Day four of the National Book Week tour was a cross-generation marvel in the warm heart of Emnambithi/Ladysmith.
Scores of people, from crèche-age children to gogos, came out to greet the NBW bus when it pulled up at the Indoor Sports Stadium in Emnambithi Municipality. Mascot Funda Bala and company were treated to an uplifting performance by learners from the local primary and high schools, which focused on spreading an anti-xenophobia message. Crowd favourite Nikita Gupat, an Indian learner from Ladysmith Secondary School, recited a poem in isiZulu, showing off her multilingualism and impressing the gathered guests immensely.
Emnambithi’s chief librarian Sandhya Maharaj revealed that yesterday’s act was about fostering a sense of empowerment:
“The event is an effort to highlight the importance of literacy and reading to the entire community. We want to inculcate the culture of reading amongst our youth and adults. A large percentage of them don’t read as well,” she said, adding that ultimately it was about ensuring that people are “empowered and well equipped”.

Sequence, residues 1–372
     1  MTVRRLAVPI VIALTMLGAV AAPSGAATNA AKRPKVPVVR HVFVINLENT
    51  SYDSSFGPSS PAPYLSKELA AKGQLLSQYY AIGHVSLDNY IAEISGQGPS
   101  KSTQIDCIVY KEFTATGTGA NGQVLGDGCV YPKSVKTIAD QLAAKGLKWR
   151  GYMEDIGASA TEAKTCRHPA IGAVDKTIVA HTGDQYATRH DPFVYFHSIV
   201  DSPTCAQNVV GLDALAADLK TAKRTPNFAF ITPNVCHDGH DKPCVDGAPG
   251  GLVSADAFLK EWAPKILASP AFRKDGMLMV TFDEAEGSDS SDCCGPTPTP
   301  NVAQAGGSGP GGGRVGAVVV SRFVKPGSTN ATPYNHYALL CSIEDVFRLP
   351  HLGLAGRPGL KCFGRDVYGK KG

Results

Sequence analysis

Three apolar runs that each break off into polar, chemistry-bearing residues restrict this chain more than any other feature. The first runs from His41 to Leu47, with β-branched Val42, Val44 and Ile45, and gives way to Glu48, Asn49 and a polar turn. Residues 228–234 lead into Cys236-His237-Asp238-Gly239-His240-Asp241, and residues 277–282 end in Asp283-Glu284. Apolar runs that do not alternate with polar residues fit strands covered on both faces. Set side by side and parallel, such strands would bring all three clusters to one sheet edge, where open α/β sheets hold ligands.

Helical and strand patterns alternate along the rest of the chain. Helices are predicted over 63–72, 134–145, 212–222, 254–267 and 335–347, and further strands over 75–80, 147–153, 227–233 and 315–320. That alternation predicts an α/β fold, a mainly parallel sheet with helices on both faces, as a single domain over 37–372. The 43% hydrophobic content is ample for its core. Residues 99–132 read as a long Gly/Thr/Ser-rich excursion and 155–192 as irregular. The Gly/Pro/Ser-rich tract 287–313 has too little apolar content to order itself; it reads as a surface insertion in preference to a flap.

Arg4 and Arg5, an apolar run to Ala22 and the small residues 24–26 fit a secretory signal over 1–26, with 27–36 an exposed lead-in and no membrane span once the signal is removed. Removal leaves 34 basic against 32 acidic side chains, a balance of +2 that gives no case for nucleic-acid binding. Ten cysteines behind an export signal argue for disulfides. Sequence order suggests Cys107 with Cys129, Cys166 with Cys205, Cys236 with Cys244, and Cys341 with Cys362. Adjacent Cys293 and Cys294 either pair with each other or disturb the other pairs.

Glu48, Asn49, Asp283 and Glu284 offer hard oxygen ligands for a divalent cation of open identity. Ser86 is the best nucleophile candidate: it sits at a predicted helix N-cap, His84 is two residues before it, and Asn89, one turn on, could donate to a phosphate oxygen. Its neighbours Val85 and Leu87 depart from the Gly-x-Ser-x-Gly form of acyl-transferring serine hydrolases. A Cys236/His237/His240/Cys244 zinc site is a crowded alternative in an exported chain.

The Mayor of Emnambithi Municipality, Vincent Madlala said the municipality’s involvement was motivated by a need to highlight the importance of education, with reading being key. Maharaj waxed lyrical about the community’s partnership with the South African Book Development Council. “What they have brought to this function is invaluable because when it comes to resources our smaller towns are disadvantaged,” she said.
The entire community’s engagement was a stirring sight; from learners young and old clamouring for Funda Bala’s attention to Nal’Bali’s exciting Story Bosso competition. CEO Hitman lived up to his name, and had his audience singing along during his poetry session, with many of them staying for a chat afterwards.
The gogos also got their fair share of fun while exercising their minds with the word game Wordathon. Needless to say, they were as sharp as ever because, as any grandchild will tell you, granny always knows best.